Electronics DIY published a new build, the Curious C-beeper:
Curious C-Beeper is a fun to build little probe that can be used to quickly detect the capacity of capacitors in pF nF range, test their stability with temperature changes, find broken wires, locate wires, trace wires on PCBs, and to locate live wires behind the walls without touching them. The circuit uses three transistors to make a most unusual capacitance beeper probe. When a capacitor is touched to the probe, the probe beeps at a frequency that varies with capacitance. The frequency change is so steep with capacitance that tiny capacitors may be precisely matched or an exact fixed value may be selected to replace a trimmer in a prototype.
Curious C-beeper - [Link]
Rechargeable batteries save us a lot of money but take a lot of time. What if you could recharge a battery in seconds instead of hours?
Rechargeable batteries save us a lot of money these days but for the savings, we give up some of our time, waiting for them to recharge. What if though. What if there was a rechargeable battery that took seconds to recharge instead of hours? That is exactly what I’ve invented and I need your help to bring this to the masses and show the world that we no longer need to waste hours of or lives waiting for a battery to charge.
With the leaps and bounds being made today with capacitors, they’ve gone from being able to store a tiny potential of energy to now, being able to store enough energy to be considered a power source. These high Farad capacitors are known as super capacitors and aside from providing electricity for an extended period of time, they can also be charged very quickly. Recently, there’s been another development, combining the technology of super capacitors with lithium ion batteries. The usually downside to super capacitors from batteries is that they don’t provide electricity for nearly as long. However, with the advent of the lithium ion capacitor, that is quickly changing.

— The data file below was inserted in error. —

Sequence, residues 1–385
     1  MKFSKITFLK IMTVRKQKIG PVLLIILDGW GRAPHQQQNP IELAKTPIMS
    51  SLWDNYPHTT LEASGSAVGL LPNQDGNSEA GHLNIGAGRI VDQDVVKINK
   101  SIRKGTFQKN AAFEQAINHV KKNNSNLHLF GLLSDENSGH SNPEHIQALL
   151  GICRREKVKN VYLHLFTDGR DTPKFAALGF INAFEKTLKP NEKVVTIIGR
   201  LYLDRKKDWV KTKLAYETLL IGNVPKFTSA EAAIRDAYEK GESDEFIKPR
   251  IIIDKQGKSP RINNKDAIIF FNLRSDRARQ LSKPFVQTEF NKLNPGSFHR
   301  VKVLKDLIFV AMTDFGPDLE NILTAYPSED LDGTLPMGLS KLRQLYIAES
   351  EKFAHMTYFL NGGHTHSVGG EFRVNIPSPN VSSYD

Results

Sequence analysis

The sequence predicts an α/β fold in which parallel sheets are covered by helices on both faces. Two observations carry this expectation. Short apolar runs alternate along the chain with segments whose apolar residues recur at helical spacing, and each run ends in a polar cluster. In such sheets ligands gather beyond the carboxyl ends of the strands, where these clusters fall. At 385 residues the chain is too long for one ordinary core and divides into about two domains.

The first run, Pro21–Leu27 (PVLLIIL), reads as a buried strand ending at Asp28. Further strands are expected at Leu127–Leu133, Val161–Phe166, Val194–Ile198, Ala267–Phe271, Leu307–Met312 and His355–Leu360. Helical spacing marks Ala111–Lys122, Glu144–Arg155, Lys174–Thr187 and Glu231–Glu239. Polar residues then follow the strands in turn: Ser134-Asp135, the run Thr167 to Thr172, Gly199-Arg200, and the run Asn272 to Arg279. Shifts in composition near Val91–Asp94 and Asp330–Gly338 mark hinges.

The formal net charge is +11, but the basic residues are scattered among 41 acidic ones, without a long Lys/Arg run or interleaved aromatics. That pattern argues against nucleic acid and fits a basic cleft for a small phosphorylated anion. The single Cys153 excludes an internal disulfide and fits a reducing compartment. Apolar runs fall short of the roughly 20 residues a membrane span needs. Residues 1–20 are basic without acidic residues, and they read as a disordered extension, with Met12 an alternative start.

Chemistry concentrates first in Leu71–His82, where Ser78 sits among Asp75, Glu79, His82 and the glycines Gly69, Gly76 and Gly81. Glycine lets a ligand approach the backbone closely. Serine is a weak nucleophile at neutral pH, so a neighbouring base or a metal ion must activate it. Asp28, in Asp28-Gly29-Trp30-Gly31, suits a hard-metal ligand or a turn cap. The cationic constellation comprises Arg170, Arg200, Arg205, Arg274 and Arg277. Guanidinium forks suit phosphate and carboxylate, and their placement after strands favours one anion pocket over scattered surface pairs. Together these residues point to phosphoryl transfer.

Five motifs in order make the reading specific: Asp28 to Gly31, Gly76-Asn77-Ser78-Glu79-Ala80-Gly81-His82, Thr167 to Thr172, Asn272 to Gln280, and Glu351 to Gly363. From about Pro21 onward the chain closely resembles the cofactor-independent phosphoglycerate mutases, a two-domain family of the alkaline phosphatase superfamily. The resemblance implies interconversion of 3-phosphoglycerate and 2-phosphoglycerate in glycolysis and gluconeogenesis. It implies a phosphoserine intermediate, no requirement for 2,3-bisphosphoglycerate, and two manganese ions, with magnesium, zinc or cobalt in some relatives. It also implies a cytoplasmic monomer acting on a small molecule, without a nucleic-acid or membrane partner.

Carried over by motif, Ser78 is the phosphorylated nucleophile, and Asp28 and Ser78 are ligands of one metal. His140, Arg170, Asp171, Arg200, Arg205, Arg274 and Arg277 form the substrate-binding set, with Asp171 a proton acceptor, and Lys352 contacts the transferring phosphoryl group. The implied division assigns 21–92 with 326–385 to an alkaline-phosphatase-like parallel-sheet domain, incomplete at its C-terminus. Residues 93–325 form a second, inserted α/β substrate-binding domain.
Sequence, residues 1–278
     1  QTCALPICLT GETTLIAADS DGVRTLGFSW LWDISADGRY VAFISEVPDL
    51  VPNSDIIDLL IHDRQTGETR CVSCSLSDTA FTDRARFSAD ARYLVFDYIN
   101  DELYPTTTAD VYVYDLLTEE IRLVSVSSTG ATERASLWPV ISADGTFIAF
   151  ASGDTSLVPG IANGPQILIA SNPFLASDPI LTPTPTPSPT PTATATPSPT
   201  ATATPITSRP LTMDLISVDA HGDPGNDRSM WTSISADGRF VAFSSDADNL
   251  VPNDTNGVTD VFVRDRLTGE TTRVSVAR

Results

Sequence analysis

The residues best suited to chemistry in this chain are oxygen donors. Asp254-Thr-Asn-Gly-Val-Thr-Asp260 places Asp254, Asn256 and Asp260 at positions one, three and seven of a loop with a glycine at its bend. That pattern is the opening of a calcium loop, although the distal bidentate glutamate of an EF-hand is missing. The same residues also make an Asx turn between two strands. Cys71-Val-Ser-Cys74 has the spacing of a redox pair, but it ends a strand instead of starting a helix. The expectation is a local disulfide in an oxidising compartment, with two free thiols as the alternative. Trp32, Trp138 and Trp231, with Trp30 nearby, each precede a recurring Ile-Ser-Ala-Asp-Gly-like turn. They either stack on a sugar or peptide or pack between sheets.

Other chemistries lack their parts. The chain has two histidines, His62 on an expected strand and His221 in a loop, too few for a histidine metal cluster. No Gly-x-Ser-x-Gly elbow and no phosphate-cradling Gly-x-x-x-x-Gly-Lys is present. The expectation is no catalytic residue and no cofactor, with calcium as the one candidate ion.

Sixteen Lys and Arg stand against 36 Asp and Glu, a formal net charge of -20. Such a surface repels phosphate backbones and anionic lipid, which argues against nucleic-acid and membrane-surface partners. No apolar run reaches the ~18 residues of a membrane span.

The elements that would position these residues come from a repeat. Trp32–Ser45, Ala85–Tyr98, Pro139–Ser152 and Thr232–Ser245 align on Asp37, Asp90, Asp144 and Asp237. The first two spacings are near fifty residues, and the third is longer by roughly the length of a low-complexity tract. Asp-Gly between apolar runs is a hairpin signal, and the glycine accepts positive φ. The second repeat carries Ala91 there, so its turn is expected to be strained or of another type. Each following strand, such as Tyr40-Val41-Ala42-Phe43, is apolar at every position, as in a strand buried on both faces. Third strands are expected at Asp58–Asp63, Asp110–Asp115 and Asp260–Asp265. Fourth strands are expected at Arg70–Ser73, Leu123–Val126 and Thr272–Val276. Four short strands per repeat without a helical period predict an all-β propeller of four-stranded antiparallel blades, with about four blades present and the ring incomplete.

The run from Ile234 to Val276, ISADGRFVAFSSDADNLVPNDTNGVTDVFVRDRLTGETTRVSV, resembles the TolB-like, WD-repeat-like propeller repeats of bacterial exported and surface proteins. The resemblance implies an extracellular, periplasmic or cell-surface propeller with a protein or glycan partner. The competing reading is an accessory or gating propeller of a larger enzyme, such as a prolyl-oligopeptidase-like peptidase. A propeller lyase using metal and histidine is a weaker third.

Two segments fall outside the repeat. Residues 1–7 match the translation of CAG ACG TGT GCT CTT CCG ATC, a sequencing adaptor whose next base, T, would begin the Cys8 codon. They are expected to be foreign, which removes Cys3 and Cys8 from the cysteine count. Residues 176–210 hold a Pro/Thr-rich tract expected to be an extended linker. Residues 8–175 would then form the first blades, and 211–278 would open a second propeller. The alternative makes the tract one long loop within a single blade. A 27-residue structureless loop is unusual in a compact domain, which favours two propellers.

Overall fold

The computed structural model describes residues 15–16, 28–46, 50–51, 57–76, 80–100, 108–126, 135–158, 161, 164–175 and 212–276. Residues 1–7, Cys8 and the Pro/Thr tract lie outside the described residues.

30 Second Charging, Rechargeable Battery - [Link]
Dave explains, shows, and measures a potentially big trap with using high value ceramic capacitors. Is your 10uF capacitor really 10uF in your circuit? You might be shocked! Those humble X7R caps you think are a “stable” dielectric? think again… Class II and above ceramic capacitors can vary their capacitance drastically with DC bias voltage level and also the applied AC voltage.
EEVblog #626 – Ceramic Capacitor Voltage Dependency - [Link]
Capacitors may seem simple enough, but specifying them has actually grown more complex in recent years. The reason why comes down to freedom of choice. The universe of capacitors has expanded greatly over the past few years, in large part because of capacitor designs that take advantage of advances in conductive polymers.
These advanced capacitors sometimes use conductive polymers to form the entire electrolyte; or the conductive polymers can be used in conjunction with a liquid electrolyte in a design known as a hybrid capacitor. Either way, these polymer-based capacitors offer a performance edge over conventional electrolytic and ceramic capacitors. [...]